“Assisted living can’t dream of handling the type of acuity that we handle in the nursing home side,” he says. “Our assisted living has one full-time nurse per week. It’s not designed to take care of those individuals. …We do have to draw a line in the sand and be very firm about the fact that we are unwilling to take care of those individuals who can’t meet the requirements, in terms of acuity, to stay there.”
What the future holds
Oswald says he anticipates the potential emergence of a “hybrid” model of housing and care coming into vogue soon — “nursing staff on a shift-by-shift basis at a higher cost — because the money has got to come from somewhere — to fill the gap between assisted living and the nursing home.”
In general, he predicts that assisted living is going to “explode” in popularity over the next five years “because it’s private pay, it’s competitively priced against the nursing home private-pay rate and it’s privately funded and unaffected by insurance. The whole idea is to drive people out of the federally and state-funded programs and into the private-pay sector.”
Blue Ridge Village, he said, already is thinking about adding an addition to its assisted living, Blue Ridge Manor.
“I think many people will be looking at building additional assisted living facilities to meet the need,” he says. So much so that Oswald predicts “a boom in the construction of assisted living,” and not just in popular retirement areas like Florida.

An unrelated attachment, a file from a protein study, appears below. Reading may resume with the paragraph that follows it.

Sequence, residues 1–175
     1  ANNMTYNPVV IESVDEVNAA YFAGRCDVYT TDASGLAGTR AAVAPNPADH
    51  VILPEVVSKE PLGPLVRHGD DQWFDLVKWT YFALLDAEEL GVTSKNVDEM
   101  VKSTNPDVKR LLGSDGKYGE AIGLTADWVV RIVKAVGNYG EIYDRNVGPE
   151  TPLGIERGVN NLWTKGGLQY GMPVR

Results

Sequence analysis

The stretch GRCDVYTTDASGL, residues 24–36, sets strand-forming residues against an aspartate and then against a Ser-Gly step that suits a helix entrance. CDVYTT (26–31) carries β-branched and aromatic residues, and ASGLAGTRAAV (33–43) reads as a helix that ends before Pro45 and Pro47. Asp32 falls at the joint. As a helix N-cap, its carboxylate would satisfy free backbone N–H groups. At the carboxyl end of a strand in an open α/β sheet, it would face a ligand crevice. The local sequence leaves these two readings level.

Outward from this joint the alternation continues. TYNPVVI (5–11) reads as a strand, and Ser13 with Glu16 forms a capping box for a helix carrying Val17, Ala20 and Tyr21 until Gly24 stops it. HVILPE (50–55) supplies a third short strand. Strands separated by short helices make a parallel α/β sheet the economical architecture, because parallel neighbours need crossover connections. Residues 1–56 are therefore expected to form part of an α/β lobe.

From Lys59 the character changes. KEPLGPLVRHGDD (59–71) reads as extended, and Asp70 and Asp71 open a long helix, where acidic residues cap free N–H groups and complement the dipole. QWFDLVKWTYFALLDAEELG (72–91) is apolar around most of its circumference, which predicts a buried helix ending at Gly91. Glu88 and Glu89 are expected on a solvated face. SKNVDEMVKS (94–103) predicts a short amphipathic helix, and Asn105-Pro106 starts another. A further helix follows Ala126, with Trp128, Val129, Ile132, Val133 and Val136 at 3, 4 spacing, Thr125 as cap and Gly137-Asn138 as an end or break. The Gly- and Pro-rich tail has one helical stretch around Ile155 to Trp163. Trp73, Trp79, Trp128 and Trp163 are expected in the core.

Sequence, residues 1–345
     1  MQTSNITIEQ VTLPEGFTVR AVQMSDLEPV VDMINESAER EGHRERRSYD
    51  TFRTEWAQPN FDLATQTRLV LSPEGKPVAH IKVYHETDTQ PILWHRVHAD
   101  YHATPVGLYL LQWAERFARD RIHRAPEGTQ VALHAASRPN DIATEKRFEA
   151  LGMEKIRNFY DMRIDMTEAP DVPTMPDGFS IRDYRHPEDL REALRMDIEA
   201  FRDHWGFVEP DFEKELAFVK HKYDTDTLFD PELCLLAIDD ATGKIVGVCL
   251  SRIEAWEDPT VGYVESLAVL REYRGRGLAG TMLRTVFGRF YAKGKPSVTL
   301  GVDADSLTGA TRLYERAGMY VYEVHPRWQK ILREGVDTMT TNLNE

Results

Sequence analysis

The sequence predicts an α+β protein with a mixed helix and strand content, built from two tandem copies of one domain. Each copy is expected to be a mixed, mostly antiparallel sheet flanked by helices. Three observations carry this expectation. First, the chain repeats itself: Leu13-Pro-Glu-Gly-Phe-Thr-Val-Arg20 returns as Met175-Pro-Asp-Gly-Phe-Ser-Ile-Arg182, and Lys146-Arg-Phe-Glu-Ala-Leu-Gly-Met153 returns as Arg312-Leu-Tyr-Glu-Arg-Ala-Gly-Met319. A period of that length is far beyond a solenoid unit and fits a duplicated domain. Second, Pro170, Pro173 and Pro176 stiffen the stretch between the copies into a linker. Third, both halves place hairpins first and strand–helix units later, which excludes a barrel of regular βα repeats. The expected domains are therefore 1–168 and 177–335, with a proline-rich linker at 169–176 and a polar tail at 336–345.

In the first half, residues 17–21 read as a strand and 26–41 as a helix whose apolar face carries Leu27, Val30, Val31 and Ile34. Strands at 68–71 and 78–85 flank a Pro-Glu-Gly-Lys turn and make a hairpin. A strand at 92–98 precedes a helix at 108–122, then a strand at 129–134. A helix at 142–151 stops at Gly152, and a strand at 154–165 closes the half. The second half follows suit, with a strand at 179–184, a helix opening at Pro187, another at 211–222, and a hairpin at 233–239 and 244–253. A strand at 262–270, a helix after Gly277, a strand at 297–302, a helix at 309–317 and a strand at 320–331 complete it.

He says he isn’t sure what is in store for him personally, however.
“I’ve run everything from restaurants to country clubs to long-term care facilities, and I’m going to take a moment to take a deep breath and evaluate what I think may be my options,” Oswald says.
Several companies — local and up to a few hours away — have contacted him to schedule job-related conversations since they read of his news, he says.
Martinsville is about an hour south of Roanoke, VA, and an hour north of Greensboro, NC. Its population was less than 14,000 as of the last census.
Even if Oswald stays in long-term care, however, he says he may not work in a nursing home. “There are a lot of properties today that have a small component, maybe a 30-bed wing for [skilled nursing] individuals. But independent living and assisted living? I’ve been doing that for 20 years in addition to nursing homes. In some way, shape or form, I probably would want to stay in the industry, but I don’t want to limit myself to that, either.”
Right now, he says he is still getting used to the idea of a change, adding that his leaving really hadn’t started to “sink in” until Thursday, when the community had a gathering to wish him well, and Friday, when he held his last meeting with department heads.
“We as providers and individuals who work in this industry get very attached to the residents and the families,” he says. “We call ourselves up here the Blue Ridge family, and we really live it. And it includes the staff, residents, families and vendors. We are a part of each other’s lives. It’s really hard to not be very emotional about it.”
That’s one aspect of seniors housing and care that Oswald probably would recommend not changing.
*Thanks to my colleague Marty Stempniak at McKnight’s Long-Term Care News, who permitted me to ask some questions during his interview with Chris Oswald.